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The War Of Art

The War of Art: A Commentary

I’m reading a book called The War of Art this month. It’s a book by Steven Pressfield. In it, he illuminates this concept he developed called Resistance, which he portrays as an entity or presence we all have within each of us that seeks to reduce us and limit us.

There is a particular section in his book that has stuck in my mind. It’s titled Resistance and Fundamentalism. He elaborates on a dichotomy he claims between the Artist and the Fundamentalist.

The artist is grounded in freedom. He is not afraid of it. He is lucky. He was born in the right place. He has a core of self-confidence, of hope for the future. He believes in progress and evolution. His faith is that humankind is advancing however haltingly and imperfectly, toward a better world.

                The fundamentalist entertains no such notion. In his view, humanity has fallen from a higher state… Fundamentalism is the philosophy of the powerless, the conquered, the displaced, and the dispossessed…

What is this despair? It is the despair of freedom. The dislocation and emasculation experienced by the individual cut free from the familiar and comforting structures of the tribe and the clan, the village and the family.”

He goes on to talk about how the Artist and the Fundamentalist differ. While both kinds of individuals experience Resistance, they react to them differently.

The Artist looks ahead of him to uncharted waters, to the future, and expects change to occur. The Artist believes that humanity will always prevail and grow. We must flourish and be ready to adapt at all times.

The Fundamentalist looks to the past, to methods already used, regardless of their possible antiquation. The Fundamentalist seeks to return to a “better time” where the rosy memories of nostalgic imagined bliss exist. To this person, we must purify ourselves, for we have regressed and if we don’t, the future will be bleak, if not dystopian.

I Am the Artist

I often think people do get stuck in the fundamentalist mindset, as he describes it to be. I see this in politics frequently. It’s evident in certain activisms. “We must return to the way we did this specific thing because the way we do it now is inferior” they implore. But I do not see the world like them. By the standards of Pressfield, I am an artist more often than not.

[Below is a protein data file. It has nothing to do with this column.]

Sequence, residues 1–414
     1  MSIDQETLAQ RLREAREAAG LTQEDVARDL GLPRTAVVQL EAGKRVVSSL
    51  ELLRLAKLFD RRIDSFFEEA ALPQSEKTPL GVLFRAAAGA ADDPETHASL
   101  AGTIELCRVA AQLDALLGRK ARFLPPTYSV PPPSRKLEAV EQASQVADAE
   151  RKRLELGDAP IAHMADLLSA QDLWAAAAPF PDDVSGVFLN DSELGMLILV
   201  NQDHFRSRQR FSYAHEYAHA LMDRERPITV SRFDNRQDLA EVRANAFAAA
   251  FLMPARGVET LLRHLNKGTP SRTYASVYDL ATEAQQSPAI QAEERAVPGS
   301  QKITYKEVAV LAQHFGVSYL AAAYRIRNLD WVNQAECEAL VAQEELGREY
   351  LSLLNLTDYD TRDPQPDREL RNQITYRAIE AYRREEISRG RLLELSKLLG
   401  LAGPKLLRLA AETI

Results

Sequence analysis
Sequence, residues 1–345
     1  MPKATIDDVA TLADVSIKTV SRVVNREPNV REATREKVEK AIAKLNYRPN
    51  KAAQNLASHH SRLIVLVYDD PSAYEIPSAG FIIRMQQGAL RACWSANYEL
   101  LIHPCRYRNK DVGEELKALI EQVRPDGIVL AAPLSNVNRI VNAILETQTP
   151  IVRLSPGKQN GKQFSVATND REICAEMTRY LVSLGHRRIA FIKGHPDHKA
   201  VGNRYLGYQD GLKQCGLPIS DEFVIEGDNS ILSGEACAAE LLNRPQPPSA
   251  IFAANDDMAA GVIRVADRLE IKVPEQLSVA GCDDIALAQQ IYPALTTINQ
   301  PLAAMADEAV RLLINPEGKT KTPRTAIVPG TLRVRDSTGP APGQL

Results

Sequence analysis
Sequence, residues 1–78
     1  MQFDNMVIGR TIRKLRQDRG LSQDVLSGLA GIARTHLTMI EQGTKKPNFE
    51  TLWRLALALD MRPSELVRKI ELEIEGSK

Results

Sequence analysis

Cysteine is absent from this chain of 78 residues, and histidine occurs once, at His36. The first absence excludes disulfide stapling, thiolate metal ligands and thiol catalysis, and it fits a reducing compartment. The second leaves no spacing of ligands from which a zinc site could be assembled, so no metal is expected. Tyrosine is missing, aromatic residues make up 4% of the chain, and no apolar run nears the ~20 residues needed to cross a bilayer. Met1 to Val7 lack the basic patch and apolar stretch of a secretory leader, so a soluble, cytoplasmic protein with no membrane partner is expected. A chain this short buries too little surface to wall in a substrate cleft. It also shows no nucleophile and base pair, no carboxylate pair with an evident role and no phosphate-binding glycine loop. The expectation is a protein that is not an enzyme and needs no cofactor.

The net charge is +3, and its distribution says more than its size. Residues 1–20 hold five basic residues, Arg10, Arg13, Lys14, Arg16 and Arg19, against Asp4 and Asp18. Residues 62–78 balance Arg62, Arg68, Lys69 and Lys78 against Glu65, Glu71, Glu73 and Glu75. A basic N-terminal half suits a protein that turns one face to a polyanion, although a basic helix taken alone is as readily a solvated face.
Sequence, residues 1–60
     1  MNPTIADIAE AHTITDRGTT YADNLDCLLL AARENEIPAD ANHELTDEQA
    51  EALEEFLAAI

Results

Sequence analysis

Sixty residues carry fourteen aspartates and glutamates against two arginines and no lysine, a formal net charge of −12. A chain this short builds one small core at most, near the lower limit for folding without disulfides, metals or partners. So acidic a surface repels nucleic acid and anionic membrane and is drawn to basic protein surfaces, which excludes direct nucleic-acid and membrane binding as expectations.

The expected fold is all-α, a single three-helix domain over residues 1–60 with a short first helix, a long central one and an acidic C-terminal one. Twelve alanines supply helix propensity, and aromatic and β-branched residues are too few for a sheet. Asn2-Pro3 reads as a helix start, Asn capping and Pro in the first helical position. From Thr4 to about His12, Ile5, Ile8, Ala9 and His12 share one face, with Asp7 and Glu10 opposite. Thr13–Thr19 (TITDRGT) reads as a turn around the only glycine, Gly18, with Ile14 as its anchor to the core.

I believe that the world is indeed in a constantly improving state. Life is getting better and we live in an age of abundance. I welcome the change of the future. I’m not afraid of how things will not stay the same. It’s the people who act towards the future who create it, mold it, and shape it more in their favor and benefit. Perhaps those fundamentalists are looking for change in the wrong places. Perhaps they need to look to themselves instead on relying on others too much.

Living free is not easy, but it does incentivize growth. If we are to live completely free, then we must master ourselves first in order to master our world. Those who wish to retreat and go back are not going to promote progress. They will stagnate it by default. They cannot live freely, the strength required is too much a burden for them. Pressfield ends the section poignantly with “those who will not govern themselves are condemned to find masters to govern over them.”

All of this isn’t to say that we can’t learn from the past or history isn’t important. That would be inaccurate and detrimental to think. We can keep those things in mind while also realizing that progress is constantly being made. We shouldn’t assume things are somehow getting worse just because we watch too much news or choose to focus on the bad things in life.

Know that things are getting better. Be optimistic, try to create and produce, be creative, and don’t stop. One day, our future will be someone else’s history and they will construct more progress. Whether we choose to act and create until then is up to us.

Are you going to contribute to the future?

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